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 INTERSEX & TRANSGENDER 

CLARIFYING TERMINOLOGY

Intersex and transgender are often confused: while a person who is transgender has a gender that is different from the one traditionally associated with the sex they were assigned at birth, a person who is intersex was born with a variation in their sexual or reproductive anatomy such that their body does not fit typical definitions of male or female.

  • Both intersex and transgender people can identify as men, women, gender-fluid, non-binary, or in a multitude of different ways.

  • While transgender people may identify differently from how they were assigned, their biology at birth typically conforms to a binary understanding of sexual and reproductive anatomy.

  • Intersex people are generally assigned male or female despite their anatomical atypicality, but may later identify differently and correspondingly identify as transgender. A person cannot transition to “become” intersex because having an intersex condition is defined as a variation in reproductive anatomy present at birth.

This document uses “intersex” to mean those who are at risk for non-consensual surgery in infancy on the basis of medically observable intersex traits (sometimes called Differences of Sex Development).

UNDERSTANDING INTERSEX & TRANSGENDER COMMUNITIES

Intersex and transgender people have a shared interest in autonomy — and may have distinct legal needs while facing overlapping barriers to appropriate care. While intersex individuals are forced to undergo medically unnecessary surgeries in infancy, transgender individuals are often denied desired medical treatment in adolescence and beyond.

 

Transgender people may conversely be unable to access gender-congruent documentation without undergoing surgeries that are, in some cases, unwanted. Both communities grapple with a loss of decision-making authority over their own bodies. By better understanding the similarities and differences between these two groups, both movements can implement better policy and educate the public about the shared structural barriers facing both communities.

CONSENT AND AUTONOMY

In the United States, intersex children often suffer non-consensual surgery on their genitals and reproductive organs to make their body look more typical, even though these surgeries damage sexual function and fertility. International human rights entities have called for an end to these surgeries, including the World Health Organization, Amnesty International, and the United Nations. American physicians recognized the harm of these surgeries as early as 1998, when the Gay and Lesbian Medical Association issued a resolution noting the physical and psychological damage of early genital surgery and calling for physicians to adequately inform parents of the negative outcomes and the opportunity to delay or reject surgery altogether.¹ Pediatric endocrinologists at leading hospitals have consistently outlined the need for transparency when guiding parents’ medical decision-making for their intersex children.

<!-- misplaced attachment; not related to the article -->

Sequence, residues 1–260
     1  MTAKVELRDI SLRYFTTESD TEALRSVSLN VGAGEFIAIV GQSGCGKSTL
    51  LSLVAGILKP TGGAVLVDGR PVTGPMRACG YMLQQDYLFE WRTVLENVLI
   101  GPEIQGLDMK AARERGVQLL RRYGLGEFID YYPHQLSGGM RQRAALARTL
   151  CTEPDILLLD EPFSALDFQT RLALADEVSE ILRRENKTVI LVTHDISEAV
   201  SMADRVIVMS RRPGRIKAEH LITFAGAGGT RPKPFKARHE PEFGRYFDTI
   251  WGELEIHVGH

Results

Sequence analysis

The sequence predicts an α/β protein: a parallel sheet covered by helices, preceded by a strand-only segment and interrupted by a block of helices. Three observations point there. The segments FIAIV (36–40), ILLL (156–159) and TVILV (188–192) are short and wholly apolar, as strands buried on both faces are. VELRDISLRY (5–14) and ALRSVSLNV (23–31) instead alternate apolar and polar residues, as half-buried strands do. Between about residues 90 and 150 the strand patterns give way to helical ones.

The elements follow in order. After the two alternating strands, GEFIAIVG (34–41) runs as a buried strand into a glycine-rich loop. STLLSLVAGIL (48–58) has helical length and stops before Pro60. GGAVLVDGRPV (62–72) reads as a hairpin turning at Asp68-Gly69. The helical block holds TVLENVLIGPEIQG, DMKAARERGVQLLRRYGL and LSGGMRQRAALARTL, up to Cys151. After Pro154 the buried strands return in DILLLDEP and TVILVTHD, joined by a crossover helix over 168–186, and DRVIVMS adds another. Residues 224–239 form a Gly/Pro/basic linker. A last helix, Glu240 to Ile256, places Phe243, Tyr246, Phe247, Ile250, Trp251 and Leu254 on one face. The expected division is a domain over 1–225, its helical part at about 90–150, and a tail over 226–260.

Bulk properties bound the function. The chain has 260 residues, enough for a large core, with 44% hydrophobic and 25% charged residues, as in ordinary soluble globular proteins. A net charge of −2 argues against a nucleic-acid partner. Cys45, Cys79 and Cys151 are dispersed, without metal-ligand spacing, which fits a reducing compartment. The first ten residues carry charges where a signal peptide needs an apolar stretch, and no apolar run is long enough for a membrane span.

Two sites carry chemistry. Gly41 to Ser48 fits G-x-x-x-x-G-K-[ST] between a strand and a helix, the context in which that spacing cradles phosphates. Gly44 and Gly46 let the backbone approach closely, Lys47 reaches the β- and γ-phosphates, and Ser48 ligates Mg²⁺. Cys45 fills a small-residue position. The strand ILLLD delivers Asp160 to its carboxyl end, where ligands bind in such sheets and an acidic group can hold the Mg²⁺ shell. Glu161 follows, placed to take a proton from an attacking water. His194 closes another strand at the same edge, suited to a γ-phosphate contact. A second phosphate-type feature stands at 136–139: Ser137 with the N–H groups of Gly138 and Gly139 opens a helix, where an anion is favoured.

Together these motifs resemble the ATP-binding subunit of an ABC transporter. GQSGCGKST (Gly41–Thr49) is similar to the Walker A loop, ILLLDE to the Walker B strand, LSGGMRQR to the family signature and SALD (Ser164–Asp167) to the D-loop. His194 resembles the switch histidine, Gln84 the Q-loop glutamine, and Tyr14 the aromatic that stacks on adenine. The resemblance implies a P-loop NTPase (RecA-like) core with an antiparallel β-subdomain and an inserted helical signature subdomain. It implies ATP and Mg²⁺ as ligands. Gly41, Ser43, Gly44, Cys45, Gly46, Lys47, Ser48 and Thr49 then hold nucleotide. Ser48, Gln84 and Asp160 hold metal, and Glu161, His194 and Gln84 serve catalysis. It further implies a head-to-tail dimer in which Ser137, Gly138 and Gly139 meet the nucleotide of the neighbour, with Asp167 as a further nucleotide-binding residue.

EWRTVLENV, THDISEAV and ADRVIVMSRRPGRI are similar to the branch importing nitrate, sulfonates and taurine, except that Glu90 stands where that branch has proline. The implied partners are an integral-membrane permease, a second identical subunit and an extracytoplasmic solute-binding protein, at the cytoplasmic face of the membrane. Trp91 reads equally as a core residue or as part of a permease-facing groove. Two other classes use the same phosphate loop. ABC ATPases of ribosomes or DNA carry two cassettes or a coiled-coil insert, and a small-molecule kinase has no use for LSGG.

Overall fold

One noted physician, Dr. Jorge Daaboul, speaking of the previous medical treatment of intersex children, admitted: “Many of my colleagues do not believe we have been deceptive [about the impact of early genital surgeries], and they would resent my saying we have been deceptive . . . . But we have been deceptive.”² He later articulated: “I hope we can make amends to the [intersex] individuals we have harmed over the years, and I think our profession should do that in a formal way.”³

 

While intersex children are forced to undergo surgery without their informed consent, before they can decide for themselves what surgeries, if any, are appropriate, transgender people are often denied life-saving medical treatment in the form of gender-affirming surgeries and hormone therapy despite not only informed consent but their strong desire for these treatments. Sometimes, on the other hand, transgender adults are required to undergo surgeries to conform their bodies to typical notions of male and female in order to obtain accurate identification and other documents, despite that these surgeries are unwanted in some cases.

 

While it may seem like transgender and intersex communities are at odds on the pros and cons of surgery, in reality this is not the case. Our communities are united by the principles of consent and autonomy. In addition, both transgender and intersex activists want our communities to be able to access care that is medically necessary—that a person needs to live a healthy, fulfilling life.